Symbols Of Hope
Illinois craftsman who made Aurora crosses also made memorials for Columbine victims 13 years ago.
His tools are buzz saw and boards, his canvas some of nation's most horrific tragedies: Oklahoma City, 9/11, Columbine...and now Aurora.
"I've been making crosses really, since I was 6-years-old in Nashville," he says.
Now he builds them outside his home in Aurora, Illinois.
The thousands of simple white crosses have become a symbol of survival during some of our nation's darkest hours.
They are different dimensions, different heights.
A lot of what he builds depends on the wood he gets, but each of the crosses carries the exact same message.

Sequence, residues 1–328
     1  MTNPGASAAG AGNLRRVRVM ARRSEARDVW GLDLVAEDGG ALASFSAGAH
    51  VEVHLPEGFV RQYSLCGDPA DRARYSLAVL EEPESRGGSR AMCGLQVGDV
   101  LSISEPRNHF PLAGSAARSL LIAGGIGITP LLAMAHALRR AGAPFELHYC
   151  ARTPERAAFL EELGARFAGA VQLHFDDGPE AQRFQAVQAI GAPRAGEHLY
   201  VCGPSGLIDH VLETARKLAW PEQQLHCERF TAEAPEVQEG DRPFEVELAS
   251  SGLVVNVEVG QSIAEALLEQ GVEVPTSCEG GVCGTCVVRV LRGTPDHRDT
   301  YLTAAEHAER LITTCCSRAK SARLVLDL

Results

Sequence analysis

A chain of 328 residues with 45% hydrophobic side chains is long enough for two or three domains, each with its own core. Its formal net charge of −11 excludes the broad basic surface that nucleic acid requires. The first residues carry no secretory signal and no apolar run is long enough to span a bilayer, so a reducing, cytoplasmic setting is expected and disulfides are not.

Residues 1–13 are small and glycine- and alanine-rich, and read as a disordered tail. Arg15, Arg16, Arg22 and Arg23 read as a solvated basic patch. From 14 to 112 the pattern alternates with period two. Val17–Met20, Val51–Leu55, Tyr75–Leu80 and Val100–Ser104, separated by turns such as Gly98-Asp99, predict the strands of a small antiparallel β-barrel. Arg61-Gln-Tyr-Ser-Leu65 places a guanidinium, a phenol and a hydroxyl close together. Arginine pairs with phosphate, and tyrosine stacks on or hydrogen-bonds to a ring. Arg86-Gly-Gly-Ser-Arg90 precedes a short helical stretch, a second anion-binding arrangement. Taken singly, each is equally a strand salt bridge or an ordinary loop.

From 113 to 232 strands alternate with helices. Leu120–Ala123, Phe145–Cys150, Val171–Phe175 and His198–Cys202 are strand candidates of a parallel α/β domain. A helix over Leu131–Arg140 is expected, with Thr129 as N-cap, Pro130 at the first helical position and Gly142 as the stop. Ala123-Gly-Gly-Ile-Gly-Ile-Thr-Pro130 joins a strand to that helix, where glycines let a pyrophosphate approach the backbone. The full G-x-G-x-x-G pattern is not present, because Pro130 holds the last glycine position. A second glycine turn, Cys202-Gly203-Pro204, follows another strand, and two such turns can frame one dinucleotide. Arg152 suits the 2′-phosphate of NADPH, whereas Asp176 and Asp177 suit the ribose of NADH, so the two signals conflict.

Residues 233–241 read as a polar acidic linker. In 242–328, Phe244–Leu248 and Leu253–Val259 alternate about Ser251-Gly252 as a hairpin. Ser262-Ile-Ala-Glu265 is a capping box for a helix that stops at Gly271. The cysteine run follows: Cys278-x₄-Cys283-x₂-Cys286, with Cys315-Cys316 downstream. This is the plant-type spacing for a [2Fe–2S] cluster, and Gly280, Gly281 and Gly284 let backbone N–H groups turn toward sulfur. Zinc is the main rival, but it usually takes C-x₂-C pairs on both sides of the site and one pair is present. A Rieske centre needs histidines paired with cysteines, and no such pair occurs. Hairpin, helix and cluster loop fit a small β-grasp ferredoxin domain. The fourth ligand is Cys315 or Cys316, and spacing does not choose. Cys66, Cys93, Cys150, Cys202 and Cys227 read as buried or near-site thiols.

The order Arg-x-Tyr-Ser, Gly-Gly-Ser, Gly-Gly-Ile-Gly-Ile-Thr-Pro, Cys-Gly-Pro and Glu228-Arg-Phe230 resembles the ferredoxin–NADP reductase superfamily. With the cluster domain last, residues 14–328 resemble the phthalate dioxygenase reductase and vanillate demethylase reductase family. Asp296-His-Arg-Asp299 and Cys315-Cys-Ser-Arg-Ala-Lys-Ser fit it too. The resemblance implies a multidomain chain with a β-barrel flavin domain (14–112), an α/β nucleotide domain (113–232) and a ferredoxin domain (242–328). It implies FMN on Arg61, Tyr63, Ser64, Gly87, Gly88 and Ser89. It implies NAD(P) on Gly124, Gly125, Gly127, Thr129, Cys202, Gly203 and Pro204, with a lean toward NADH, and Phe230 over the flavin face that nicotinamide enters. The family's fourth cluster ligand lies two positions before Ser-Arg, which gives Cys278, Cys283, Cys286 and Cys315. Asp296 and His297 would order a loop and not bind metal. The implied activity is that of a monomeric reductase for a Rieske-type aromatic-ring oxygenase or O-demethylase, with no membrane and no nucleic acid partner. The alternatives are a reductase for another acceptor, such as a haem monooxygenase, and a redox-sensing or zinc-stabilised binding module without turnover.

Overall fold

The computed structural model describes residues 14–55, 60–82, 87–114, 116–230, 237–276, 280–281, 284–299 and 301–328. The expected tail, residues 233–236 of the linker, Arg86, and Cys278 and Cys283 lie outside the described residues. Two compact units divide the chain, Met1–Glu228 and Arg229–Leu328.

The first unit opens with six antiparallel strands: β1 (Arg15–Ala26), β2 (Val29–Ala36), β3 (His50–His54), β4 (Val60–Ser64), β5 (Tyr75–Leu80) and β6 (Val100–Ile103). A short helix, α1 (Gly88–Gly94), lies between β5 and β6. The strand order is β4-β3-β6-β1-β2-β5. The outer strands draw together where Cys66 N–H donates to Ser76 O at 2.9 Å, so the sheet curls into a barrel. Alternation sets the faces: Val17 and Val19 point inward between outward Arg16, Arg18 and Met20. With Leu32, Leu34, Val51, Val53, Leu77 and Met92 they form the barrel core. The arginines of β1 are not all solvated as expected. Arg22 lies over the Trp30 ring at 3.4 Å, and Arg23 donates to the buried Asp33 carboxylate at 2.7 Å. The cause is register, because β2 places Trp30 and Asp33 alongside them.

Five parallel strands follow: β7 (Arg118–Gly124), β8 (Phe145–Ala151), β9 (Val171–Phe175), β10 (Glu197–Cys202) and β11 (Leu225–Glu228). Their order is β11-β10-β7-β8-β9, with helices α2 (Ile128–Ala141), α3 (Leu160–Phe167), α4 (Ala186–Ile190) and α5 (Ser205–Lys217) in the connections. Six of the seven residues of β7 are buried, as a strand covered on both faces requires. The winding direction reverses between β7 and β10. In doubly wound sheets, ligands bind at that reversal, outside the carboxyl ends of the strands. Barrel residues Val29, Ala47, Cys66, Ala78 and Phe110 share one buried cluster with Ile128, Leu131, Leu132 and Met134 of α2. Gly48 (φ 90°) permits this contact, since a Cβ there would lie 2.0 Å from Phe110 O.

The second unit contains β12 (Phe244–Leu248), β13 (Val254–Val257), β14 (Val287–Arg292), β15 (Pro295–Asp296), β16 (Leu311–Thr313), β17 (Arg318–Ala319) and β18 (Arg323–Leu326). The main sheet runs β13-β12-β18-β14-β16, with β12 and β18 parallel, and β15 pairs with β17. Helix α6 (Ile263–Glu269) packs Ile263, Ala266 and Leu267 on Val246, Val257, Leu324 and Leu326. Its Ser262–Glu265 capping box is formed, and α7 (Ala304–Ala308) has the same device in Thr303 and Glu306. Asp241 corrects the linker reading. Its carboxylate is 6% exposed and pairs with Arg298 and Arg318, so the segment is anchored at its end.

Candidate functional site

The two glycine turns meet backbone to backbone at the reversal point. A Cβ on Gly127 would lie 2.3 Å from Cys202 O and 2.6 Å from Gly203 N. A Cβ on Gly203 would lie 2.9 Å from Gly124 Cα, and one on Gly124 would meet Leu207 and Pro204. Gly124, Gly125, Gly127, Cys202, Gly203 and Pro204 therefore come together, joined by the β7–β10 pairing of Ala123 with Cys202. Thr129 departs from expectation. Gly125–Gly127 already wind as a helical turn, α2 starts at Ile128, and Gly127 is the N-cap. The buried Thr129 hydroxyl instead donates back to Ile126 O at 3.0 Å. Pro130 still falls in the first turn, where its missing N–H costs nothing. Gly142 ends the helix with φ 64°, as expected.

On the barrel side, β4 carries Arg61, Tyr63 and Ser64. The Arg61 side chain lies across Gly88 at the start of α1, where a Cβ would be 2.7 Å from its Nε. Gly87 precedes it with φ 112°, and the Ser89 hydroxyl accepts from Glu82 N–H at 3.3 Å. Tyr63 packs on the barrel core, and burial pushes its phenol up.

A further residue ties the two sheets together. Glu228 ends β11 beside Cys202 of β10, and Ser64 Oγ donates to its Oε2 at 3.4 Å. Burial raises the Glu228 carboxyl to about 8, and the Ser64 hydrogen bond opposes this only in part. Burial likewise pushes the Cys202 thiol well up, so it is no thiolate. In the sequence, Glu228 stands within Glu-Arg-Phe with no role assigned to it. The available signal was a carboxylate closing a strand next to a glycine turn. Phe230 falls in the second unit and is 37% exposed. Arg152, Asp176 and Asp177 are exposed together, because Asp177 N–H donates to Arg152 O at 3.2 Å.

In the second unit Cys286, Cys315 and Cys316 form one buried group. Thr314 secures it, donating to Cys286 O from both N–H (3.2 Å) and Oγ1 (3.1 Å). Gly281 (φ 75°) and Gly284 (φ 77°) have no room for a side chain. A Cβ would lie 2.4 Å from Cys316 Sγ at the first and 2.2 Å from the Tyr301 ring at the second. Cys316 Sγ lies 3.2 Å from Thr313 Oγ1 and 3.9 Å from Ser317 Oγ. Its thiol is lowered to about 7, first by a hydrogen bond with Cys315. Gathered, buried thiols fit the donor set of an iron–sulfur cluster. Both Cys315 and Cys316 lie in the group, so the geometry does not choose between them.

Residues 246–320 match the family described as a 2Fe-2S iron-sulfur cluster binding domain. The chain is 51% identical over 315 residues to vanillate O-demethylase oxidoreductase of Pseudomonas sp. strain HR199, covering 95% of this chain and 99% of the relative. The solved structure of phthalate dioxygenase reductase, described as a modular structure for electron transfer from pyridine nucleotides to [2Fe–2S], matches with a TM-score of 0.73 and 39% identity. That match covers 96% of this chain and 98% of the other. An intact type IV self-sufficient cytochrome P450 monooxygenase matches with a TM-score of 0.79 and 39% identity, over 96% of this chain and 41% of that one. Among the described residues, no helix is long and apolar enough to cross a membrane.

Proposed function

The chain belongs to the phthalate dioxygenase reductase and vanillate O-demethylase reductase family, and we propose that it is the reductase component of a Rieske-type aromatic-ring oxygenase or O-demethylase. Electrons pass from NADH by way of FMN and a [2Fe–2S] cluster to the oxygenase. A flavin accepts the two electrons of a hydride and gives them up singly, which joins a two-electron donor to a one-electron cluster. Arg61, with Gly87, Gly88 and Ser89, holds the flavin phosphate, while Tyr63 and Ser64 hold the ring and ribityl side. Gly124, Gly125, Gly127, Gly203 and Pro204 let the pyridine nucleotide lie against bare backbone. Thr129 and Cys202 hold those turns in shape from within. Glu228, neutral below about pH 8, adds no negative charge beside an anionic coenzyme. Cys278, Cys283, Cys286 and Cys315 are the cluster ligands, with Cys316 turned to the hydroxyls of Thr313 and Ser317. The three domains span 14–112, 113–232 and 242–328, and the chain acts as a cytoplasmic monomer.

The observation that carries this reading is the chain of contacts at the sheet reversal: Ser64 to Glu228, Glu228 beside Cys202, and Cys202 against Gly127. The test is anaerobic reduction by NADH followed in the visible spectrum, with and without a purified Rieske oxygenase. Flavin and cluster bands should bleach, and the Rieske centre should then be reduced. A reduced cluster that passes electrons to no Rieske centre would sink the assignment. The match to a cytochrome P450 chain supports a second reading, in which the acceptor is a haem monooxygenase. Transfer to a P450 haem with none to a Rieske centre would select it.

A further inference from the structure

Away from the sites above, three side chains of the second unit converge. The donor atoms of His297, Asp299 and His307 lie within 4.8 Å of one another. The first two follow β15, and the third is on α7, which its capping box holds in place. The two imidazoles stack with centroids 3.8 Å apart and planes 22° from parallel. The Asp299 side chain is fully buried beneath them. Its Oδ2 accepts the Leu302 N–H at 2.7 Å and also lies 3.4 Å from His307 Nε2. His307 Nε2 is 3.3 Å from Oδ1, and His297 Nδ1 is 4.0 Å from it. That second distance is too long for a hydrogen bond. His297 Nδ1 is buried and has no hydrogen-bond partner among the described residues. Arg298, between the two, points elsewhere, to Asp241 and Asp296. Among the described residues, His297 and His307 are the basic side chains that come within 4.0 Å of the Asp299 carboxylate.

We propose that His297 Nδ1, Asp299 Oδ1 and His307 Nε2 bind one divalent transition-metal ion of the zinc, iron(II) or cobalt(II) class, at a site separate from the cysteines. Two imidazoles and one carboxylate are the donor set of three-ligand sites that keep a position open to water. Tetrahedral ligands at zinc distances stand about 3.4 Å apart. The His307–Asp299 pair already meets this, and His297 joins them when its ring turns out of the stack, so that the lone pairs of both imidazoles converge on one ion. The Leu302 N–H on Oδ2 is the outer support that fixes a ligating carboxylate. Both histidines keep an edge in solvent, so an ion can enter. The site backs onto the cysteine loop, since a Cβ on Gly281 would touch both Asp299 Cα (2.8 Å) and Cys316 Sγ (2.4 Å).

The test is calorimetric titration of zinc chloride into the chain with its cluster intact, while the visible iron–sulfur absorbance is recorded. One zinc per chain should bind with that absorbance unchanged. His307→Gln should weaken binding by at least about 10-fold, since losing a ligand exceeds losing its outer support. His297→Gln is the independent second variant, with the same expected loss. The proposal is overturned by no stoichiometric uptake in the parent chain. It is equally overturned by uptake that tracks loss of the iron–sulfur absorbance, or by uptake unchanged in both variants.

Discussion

"It's a message of hope, it's not loss, it's a victory," Zanis explains.
Zanis does it all for free.
He won't even take donations and will only go if he's invited by family members of the victims.
His labor of love is personal.
Zanis' father-in-law was murdered in 1996.
Therapy and counseling couldn't help him get through the grief.
Instead, the carpenter found his peace in these crosses.
"I think about him every time I build a cross," Zanis says. "I think about how happy he is looking down."
A comfort shared with those who need it the most right now.
"I'm just glad I don't have a cross up there," Harmony Johnson says.
She was shot that night in the theater.
She survived, but lost two of her friends.
Like thousands in aurora she is drawn to the crosses.
"It's been a place for me to grieve, to pray," she says. "It's drawn me closer to God and it's drawn me closer to Aurora and I couldn't be happier to be part of this community and the guy that set this up."
Gratitude, shared by a grieving nation.